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South Korea, a U.S. ally and one of Asia's biggest buyers of Iranian oil, asked Washington for "maximum flexibility" last week, after some of its construction firms cancelled energy-related contracts in the Islamic republic due to financing difficulties.
The United States said on Friday it would temporarily allow eight importers to keep buying Iranian oil after it re-imposed sanctions on the country's crude flows from Monday, aiming to force Iran to curb its nuclear, missile and regional activities.
Under U.S. law, exceptions can be granted for up to 180 days.
"Petrochemicals are key to our economy, and we stressed that if we're hit by the Iran sanctions, it would pose grave challenges to our whole economy," the official said, requesting anonymity due to the sensitivity of the issue.
Iran's biggest oil customers — all in Asia — have been seeking waivers to sanctions to allow them to continue buying some of the Islamic republic's oil.
South Korea, the world's fifth-biggest crude oil buyer, mainly purchases an ultra-light form of crude oil from Iran known as condensate.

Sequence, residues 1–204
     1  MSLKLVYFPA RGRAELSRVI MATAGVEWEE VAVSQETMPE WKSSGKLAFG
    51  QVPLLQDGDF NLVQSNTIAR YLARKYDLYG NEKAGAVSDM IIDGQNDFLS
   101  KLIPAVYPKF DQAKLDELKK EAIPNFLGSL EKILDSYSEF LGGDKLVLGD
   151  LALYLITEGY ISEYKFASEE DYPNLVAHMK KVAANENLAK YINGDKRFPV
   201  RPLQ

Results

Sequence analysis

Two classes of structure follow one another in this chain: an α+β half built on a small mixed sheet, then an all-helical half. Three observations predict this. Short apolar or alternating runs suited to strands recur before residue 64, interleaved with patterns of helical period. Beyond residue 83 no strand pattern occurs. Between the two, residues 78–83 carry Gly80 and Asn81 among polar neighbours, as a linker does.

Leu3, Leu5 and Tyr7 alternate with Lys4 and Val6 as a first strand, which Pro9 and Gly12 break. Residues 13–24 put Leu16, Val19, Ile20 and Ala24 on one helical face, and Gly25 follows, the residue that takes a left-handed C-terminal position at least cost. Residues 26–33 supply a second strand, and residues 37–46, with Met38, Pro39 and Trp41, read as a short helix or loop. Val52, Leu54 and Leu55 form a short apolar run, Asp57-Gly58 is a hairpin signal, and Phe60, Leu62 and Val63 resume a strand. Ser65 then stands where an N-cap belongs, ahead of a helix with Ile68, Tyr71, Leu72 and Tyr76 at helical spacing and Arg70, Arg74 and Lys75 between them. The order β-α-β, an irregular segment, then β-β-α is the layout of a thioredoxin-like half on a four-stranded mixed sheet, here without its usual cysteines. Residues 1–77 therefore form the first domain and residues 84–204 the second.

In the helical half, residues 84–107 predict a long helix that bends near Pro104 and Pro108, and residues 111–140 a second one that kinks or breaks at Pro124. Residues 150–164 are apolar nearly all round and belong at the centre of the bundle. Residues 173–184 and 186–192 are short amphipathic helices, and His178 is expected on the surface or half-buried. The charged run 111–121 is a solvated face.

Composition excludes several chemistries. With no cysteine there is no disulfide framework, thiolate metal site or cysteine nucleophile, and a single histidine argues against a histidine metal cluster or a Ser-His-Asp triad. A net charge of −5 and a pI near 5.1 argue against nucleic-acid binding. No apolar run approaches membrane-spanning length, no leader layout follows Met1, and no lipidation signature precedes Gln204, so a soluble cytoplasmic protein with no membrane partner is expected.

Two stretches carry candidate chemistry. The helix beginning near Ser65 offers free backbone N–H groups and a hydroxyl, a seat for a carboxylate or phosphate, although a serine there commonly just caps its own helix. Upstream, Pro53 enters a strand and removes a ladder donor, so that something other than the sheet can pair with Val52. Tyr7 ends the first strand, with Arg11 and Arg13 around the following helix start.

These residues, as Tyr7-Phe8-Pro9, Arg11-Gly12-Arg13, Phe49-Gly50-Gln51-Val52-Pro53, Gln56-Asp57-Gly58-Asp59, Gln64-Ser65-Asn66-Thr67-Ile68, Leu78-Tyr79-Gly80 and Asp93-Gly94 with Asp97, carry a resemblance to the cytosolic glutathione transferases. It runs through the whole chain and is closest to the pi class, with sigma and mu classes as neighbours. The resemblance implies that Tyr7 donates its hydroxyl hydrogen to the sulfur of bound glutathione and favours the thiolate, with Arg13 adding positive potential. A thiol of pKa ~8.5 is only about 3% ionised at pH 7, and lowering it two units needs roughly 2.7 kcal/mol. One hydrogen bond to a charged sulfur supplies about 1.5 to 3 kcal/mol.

Seoul also won an exemption from the United States to continue financial transactions with the sanctioned Iranian central bank to facilitate oil imports, the official said.
In 2012, South Korea received a waiver on U.S. sanctions by importing limited amounts of Iranian oil during the previous round of sanctions that were lifted in early 2016.
South Korean buyers have reduced their purchases of Iranian oil and turned to alternative sources such as American and African crude in recent months due to expensive Middle East grades and uncertainty over trade with Iran.
In September, South Korea's imports of Iranian oil fell to zero for the first time since 2012. In the first nine months of the year, its Iranian oil shipments dropped nearly 50 percent year-on-year to 58.2 million barrels, according to data from Korea National Oil.